Treating PCOS and endometriosis, naturally
According to Endometriosis UK, the condition affects 1 in 10 women in the UK and polycystic ovary syndrome (PCOS) affects 1 in 5.
With roughly 30 per cent of the UK female population dealing with either of these conditions, it’s a widespread problem that requires new ways of thinking and new solutions. Looking beyond the typical treatment options of birth control and medication, some women are seeking out natural alternatives for treatment.
Henrietta Norton BSc DipNT, a leading Harley Street nutritional therapist and the founder of supplement brand Wild Nutrition, explained what she sees in her clinic and how everybody requires a different approach to wellness.
ARE THERE ANY KEY DIFFERENCES TO LOOK FOR IN THE SYMPTOMS BETWEEN PCOS AND ENDOMETRIOSIS?
There are symptoms that can be experienced with both conditions, such as painful menstruation, mood changes and irregular cycle length. However, symptoms such as facial hair growth, dysglycaemia (raised blood glucose), anovulation (lack of ovulation) and weight changes are more common in PCOS than in women with endometriosis.
That said, some women do not experience any of the symptoms but still present with polycystic ovaries and in these cases would be diagnosed as having polycystic ovaries.
OFTEN ADVICE FOR PCOS IS ‘LOSE WEIGHT’ AND ‘GO ON THE PILL’ – WHAT WOULD YOU SAY TO SOMEONE WHO IS SLIM AND WANTS TO TREAT IT NATURALLY?
PCOS is characterised by imbalances in both androgens and insulin, sometimes resulting in weight gain, but certainly not always. It is common to be slim but still experience dysglycaemia (or compromised blood sugar control), which perpetuates and contributes to the symptoms and progression of PCOS.
There is mounting evidence supporting less invasive, natural, and effective approaches that women can adopt.
HOW CAN YOU MANAGE PCOS AND ENDOMETRIOSIS NATURALLY?
PCOS is a complex condition involving multiple systems and therefore requires a holistic management approach, with diet and exercise playing a deeply supportive role in any treatment plan.
Supporting healthy glucose regulation can be achieved through a diet low in high glycaemic foods, refined sugar and trans fats, whilst rich in fibre from a variety of vegetables and pulses, as well as nourishing fats from seeds, nuts, olive oil and avocados. Reducing your exposure to synthetic compounds that interact with hormone receptors, whether environmental, dietary or toiletries, can also be helpful.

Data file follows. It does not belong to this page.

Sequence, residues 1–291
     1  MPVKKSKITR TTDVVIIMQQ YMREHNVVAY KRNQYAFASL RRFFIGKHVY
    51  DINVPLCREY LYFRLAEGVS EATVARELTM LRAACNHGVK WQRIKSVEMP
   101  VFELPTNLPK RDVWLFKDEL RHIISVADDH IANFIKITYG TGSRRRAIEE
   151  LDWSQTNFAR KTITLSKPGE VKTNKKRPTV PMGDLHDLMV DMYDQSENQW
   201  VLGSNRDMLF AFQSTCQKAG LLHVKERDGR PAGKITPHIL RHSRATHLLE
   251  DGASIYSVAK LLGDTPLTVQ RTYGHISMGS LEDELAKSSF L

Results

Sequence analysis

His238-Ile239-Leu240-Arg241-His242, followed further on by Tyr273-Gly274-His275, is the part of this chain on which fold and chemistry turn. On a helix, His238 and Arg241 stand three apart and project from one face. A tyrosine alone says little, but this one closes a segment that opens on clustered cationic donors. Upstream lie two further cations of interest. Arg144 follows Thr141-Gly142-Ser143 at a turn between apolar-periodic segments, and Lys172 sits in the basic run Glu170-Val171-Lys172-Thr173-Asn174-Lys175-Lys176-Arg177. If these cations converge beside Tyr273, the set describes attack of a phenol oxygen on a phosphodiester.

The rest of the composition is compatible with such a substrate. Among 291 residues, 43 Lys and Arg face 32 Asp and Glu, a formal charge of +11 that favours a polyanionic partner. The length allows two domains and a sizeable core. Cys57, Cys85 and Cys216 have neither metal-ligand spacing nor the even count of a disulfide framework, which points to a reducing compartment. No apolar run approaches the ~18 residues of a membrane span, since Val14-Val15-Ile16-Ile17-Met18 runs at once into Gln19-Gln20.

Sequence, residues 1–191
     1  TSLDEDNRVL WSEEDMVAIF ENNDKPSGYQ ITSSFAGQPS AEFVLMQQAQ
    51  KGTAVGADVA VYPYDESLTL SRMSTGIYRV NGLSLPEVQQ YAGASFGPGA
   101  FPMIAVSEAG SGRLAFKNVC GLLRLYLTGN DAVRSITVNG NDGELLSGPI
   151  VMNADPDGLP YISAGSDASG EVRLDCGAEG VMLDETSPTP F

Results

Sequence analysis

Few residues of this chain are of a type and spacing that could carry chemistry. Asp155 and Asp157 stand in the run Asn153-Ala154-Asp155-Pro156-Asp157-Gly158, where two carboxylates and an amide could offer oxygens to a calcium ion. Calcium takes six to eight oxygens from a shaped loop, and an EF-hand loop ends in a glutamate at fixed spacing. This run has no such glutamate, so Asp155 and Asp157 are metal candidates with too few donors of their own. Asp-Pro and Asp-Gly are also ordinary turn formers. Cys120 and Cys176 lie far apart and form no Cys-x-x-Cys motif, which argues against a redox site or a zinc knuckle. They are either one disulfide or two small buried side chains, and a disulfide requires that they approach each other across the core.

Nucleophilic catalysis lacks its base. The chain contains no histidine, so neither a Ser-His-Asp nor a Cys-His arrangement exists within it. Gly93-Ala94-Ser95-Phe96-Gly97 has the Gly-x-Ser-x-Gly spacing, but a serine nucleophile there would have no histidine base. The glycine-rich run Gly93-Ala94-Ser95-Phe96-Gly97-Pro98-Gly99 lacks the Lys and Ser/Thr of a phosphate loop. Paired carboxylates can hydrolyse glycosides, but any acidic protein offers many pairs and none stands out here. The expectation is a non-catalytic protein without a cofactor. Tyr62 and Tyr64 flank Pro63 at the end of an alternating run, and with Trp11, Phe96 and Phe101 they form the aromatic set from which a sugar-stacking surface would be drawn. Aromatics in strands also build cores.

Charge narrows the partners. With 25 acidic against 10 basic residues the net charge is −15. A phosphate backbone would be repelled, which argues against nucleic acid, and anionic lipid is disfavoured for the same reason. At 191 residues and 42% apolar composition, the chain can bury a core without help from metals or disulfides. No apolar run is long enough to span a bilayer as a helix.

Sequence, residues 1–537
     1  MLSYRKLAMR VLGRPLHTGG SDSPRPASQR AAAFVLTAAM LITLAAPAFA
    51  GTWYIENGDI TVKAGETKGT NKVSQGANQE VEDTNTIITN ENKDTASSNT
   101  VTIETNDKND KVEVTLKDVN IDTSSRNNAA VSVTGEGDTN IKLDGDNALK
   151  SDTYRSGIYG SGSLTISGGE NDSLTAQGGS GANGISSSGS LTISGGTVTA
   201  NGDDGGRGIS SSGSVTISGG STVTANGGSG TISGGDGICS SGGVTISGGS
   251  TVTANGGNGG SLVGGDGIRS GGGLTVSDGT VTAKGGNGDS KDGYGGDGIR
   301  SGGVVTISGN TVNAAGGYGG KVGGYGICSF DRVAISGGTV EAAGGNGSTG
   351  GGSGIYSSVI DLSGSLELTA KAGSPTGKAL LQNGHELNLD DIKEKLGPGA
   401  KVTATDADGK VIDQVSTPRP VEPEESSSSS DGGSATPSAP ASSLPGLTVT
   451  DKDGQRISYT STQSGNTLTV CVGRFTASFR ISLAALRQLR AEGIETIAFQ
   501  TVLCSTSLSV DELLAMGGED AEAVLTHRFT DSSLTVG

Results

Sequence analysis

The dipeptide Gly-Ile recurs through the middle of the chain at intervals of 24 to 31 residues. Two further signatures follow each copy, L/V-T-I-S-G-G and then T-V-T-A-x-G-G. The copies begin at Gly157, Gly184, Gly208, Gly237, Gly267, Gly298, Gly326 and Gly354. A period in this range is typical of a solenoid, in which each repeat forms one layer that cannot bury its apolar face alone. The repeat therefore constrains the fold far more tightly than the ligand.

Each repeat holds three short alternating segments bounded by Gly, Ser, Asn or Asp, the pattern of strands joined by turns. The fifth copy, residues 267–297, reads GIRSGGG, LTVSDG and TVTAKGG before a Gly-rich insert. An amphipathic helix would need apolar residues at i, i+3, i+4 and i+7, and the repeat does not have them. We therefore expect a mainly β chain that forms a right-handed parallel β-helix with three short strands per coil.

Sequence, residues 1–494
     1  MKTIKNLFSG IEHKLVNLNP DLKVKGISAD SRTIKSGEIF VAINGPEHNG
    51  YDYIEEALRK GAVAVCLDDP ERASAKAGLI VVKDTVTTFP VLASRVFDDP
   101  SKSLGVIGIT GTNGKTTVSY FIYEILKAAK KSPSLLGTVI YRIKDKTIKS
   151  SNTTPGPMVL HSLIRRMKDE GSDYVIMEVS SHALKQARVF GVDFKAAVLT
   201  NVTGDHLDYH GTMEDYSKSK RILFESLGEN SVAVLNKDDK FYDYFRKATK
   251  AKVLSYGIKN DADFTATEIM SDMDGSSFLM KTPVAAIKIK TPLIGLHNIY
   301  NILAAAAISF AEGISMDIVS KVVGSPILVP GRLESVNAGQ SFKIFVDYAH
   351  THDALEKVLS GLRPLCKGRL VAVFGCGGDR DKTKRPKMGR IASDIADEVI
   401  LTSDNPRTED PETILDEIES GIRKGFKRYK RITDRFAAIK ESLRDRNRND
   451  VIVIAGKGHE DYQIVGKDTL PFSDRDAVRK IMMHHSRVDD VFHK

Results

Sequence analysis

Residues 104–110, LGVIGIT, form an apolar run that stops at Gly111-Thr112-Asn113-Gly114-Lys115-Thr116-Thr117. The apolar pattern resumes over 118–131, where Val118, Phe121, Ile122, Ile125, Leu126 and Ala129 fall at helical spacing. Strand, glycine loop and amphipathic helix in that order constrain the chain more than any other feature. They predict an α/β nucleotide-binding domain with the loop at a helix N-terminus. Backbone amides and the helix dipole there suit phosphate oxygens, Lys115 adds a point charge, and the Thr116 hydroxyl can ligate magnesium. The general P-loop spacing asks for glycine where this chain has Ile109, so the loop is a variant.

There is evidence to suggest other components may influence the development and progression of PCOS, for example, the health of the digestive system, detoxification efficiency, and sub- or hyper-functioning thyroid.
HOW MUCH DOES LIFESTYLE AFFECT PCOS AND ENDOMETRIOSIS?
Our exposure and management to tangible and intangible “stressors” can also be greatly influential. Therefore, finding the right support to help you find more “pause” and balance in your daily life is crucial, whether that is through gentle massage, reading, music or spending time in nature as often as you can.
Regularly exercising in nature, in a way that suits you and your lifestyle, can improve your body’s production of sex hormone binding globulin which helps to regulate oestrogen and testosterone as well as supporting mood, stress and balancing weight.
WHAT ONE SUPPLEMENT SHOULD WOMEN WITH HORMONAL IMBALANCE BE TAKING?
In nutritional medicine, we also use a combination of nutrients and fatty acids. I use two formulas in the clinic with great success found in Wild Nutrition’s Polycys Complex and Endo Complex as well as Pure Omega 3 fatty acids.
These combine the nutrients required by the body to support glucose regulation and hormonal clearance, as well as a number of western herbs too. My advice is to work with a naturopath or nutritional therapist to find the most appropriate and bioavailable supplement plan that works for you.
IS IT COMMON TO BE NUTRIENT DEFICIENT IF YOU SUFFER FROM EITHER PCOS OR ENDOMETRIOSIS?
Zinc and magnesium are used up in abundant amounts during states of physical and mental stress; as endometriosis is a state of physical stress, the demand for these nutrients is even greater than normal. During particularly stressful times and during menstruation, women can lose up to half their magnesium supply.
Women with endometriosis often suffer from heavy bleeding during their period and this significantly reduces stores of the mineral iron. Without adequate iron stores, neurotransmitter function can be compromised and can lead to problems in concentration and general mental acumen, listlessness, low moods, and fatigue can develop.
In other words, it is essential to replenish our nutrients through food and, where necessary, supplements, as the demand for nutrients is high for our body to manage endometriosis effectively.
IS IT POSSIBLE TO HAVE A HORMONE IMBALANCE BUT NOT PCOS OR ENDOMETRIOSIS? WHAT CAN SOMEONE DO ABOUT IT?
Yes, absolutely. There is a crossover of symptoms with PMS or perimenopause. A qualified women’s health expert, such as a functional medicine practitioner, will be able to support you with this by taking a detailed case history (essential!) and access to a number of tests to verify what might be going on for you.
IS IT REALLY HARDER TO LOSE WEIGHT WHEN YOU SUFFER FROM HORMONAL IMBALANCES?
Absolutely not. Simple but effective dietary changes as discussed can be very effective. As well as what we eat, when we eat is also important, and building in 13-16 hour overnight fasts can also be very effective, stabilising weight and blood sugar management.
DOES SEVERITY OF ENDOMETRIOSIS DIFFER FROM PERSON TO PERSON? WHEN SHOULD YOU SEEK MEDICAL ATTENTION.
Yes. The curiosity with endometriosis is that symptoms don’t necessarily reflect severity—it depends more on where the endometrial patches are located—and so it is always important to get this assessed by a professional.